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HBR's 10 Must Reads on Sales (with bonus interview of Andris Zoltners) (HBR's 10 Must Reads)

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Sales isn’t about pushing products or being efficient; it’s about building the right systems to manage and empower your salespeople.If you read nothing else on sales, read these 10 articles. We’ve combed through hundreds of Harvard Business Review articles and selected the most important ones to help you understand how to create the conditions for sales success.This book w Sales isn’t about pushing products or being efficient; it’s about building the right systems to manage and empower your salespeople.If you read nothing else on sales, read these 10 articles. We’ve combed through hundreds of Harvard Business Review articles and selected the most important ones to help you understand how to create the conditions for sales success.This book will inspire you to: Understand your customer’s buying center Integrate your sales and marketing operations Assess your business cycle and its impact on your sales force Transition away from solution sales Leverage the power of micromarkets Introduce tiebreaker selling and consensus selling Motivate your sales force properly This collection of articles includes “Major Sales: Who Really Does the Buying,” by Thomas V. Bonoma; “Ending the War Between Sales and Marketing,” by Philip Kotler, Neil Rackham, and Suj Krishnaswamy; “Match Your Sales Force Structure to Your Business Life Cycle,” by Andris A. Zoltners, Prabhakant Sinha, and Sally E. Lorimer; “The End of Solution Sales,” by Brent Adamson, Matthew Dixon, and Nicholas Toman; “Selling into Micromarkets,” by Manish Goyal, Maryanne Q. Hancock, and Homayoun Hatami; “Dismantling the Sales Machine,” by Brent Adamson, Matthew Dixon, and Nicholas Toman; “Tiebreaker Selling,” by James C. Anderson, James A. Narus, and Marc Wouters; “Making the Consensus Sale,” by Karl Schmidt, Brent Adamson, and Anna Bird; “The Right Way to Use Compensation,” by Mark Roberge; “How to Really Motivate Salespeople,” by Doug J. Chung; and “Getting Beyond ‘Show Me the Money,’” an interview with Andris Zoltners by Daniel McGinn.


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Sales isn’t about pushing products or being efficient; it’s about building the right systems to manage and empower your salespeople.If you read nothing else on sales, read these 10 articles. We’ve combed through hundreds of Harvard Business Review articles and selected the most important ones to help you understand how to create the conditions for sales success.This book w Sales isn’t about pushing products or being efficient; it’s about building the right systems to manage and empower your salespeople.If you read nothing else on sales, read these 10 articles. We’ve combed through hundreds of Harvard Business Review articles and selected the most important ones to help you understand how to create the conditions for sales success.This book will inspire you to: Understand your customer’s buying center Integrate your sales and marketing operations Assess your business cycle and its impact on your sales force Transition away from solution sales Leverage the power of micromarkets Introduce tiebreaker selling and consensus selling Motivate your sales force properly This collection of articles includes “Major Sales: Who Really Does the Buying,” by Thomas V. Bonoma; “Ending the War Between Sales and Marketing,” by Philip Kotler, Neil Rackham, and Suj Krishnaswamy; “Match Your Sales Force Structure to Your Business Life Cycle,” by Andris A. Zoltners, Prabhakant Sinha, and Sally E. Lorimer; “The End of Solution Sales,” by Brent Adamson, Matthew Dixon, and Nicholas Toman; “Selling into Micromarkets,” by Manish Goyal, Maryanne Q. Hancock, and Homayoun Hatami; “Dismantling the Sales Machine,” by Brent Adamson, Matthew Dixon, and Nicholas Toman; “Tiebreaker Selling,” by James C. Anderson, James A. Narus, and Marc Wouters; “Making the Consensus Sale,” by Karl Schmidt, Brent Adamson, and Anna Bird; “The Right Way to Use Compensation,” by Mark Roberge; “How to Really Motivate Salespeople,” by Doug J. Chung; and “Getting Beyond ‘Show Me the Money,’” an interview with Andris Zoltners by Daniel McGinn.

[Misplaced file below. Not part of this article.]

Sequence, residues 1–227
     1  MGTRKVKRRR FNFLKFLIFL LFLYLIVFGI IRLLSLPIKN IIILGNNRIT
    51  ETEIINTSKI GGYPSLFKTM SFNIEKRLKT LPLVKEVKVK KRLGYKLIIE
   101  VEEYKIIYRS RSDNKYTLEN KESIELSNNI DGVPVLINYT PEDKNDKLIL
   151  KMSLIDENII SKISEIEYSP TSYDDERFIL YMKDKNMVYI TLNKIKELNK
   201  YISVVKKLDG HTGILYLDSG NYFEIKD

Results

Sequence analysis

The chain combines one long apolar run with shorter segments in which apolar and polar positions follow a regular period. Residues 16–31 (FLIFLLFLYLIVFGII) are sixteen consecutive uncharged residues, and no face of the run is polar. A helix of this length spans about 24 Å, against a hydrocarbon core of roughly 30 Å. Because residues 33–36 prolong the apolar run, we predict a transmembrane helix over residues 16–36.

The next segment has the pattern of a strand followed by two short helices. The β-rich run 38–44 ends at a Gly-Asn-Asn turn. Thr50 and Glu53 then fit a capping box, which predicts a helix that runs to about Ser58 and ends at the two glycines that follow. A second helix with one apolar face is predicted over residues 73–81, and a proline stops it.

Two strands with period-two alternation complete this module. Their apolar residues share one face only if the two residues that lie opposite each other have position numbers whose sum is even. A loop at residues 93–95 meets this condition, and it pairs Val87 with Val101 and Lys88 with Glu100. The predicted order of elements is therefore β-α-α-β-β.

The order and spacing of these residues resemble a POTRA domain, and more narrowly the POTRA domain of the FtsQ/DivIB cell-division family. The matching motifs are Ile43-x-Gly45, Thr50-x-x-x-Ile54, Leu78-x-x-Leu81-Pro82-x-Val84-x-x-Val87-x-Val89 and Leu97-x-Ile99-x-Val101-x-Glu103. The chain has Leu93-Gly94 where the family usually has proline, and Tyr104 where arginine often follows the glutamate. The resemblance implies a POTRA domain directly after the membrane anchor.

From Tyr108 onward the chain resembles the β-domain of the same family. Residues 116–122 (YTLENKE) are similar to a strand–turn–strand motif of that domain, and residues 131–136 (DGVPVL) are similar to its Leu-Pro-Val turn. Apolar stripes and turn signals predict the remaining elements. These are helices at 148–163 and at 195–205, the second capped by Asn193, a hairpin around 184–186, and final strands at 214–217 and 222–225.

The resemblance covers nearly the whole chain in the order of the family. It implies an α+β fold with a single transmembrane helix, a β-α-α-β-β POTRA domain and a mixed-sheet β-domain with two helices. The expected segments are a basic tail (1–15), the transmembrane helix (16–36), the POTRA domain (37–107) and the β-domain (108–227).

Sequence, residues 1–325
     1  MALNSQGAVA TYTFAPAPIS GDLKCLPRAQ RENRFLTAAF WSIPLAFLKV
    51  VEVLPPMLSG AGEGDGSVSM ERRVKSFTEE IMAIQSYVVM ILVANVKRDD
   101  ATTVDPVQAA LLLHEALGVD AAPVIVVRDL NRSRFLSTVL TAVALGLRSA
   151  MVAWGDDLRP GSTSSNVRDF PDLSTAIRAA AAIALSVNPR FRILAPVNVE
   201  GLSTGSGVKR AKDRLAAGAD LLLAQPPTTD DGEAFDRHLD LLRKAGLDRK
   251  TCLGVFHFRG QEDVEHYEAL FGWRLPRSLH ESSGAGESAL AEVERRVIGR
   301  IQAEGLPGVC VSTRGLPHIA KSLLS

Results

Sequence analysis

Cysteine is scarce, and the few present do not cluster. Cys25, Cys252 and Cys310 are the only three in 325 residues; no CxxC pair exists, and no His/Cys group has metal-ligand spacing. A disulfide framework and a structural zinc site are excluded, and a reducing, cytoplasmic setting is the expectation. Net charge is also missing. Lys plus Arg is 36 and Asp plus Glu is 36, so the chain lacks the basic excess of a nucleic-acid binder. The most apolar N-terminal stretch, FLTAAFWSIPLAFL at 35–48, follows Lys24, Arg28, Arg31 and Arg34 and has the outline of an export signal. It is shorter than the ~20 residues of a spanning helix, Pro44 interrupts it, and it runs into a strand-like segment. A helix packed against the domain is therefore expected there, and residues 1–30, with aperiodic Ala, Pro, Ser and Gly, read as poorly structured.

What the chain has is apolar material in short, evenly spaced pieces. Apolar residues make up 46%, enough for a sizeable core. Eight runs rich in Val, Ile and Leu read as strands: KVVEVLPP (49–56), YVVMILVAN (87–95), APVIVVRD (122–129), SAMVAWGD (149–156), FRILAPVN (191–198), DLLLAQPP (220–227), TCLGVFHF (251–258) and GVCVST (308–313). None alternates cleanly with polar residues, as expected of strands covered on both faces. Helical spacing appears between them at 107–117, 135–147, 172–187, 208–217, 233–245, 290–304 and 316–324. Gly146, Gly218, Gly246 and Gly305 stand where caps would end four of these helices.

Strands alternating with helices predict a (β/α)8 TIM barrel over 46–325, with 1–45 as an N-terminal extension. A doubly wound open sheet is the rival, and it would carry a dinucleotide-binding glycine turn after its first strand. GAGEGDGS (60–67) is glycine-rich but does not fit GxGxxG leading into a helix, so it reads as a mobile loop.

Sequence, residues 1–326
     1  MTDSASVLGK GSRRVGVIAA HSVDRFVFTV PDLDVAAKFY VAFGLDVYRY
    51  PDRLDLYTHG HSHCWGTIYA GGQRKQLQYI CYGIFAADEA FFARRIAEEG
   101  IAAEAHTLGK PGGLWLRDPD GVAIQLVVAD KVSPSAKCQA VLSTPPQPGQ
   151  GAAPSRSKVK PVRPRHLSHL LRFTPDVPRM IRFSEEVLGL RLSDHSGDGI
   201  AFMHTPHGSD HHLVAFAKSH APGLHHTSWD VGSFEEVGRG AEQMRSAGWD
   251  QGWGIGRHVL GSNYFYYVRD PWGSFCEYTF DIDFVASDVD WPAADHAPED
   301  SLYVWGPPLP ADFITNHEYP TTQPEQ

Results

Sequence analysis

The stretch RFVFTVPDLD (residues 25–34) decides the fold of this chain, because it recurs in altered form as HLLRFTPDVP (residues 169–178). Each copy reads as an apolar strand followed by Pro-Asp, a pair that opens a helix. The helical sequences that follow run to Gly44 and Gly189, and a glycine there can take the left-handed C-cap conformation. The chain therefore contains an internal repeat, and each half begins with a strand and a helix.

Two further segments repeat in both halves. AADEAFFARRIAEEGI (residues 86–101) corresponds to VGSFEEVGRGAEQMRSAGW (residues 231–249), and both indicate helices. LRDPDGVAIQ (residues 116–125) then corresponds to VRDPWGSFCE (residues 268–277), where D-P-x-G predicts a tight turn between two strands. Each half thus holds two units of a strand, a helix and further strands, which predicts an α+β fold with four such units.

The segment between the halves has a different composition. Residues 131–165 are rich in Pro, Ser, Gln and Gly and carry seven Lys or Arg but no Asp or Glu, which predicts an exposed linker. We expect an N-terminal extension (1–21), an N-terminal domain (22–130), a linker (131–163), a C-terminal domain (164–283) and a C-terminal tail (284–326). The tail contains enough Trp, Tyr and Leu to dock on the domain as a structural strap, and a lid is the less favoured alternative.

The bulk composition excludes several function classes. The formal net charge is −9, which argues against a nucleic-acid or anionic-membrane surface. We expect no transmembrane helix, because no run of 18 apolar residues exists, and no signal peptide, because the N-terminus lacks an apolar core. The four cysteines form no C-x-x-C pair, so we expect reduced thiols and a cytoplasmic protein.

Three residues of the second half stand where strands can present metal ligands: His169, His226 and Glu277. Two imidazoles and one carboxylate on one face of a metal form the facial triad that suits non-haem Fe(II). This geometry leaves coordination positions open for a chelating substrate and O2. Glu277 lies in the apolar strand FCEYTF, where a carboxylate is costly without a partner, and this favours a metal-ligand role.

30 review for HBR's 10 Must Reads on Sales (with bonus interview of Andris Zoltners) (HBR's 10 Must Reads)

  1. 5 out of 5

    Anežka Svobodová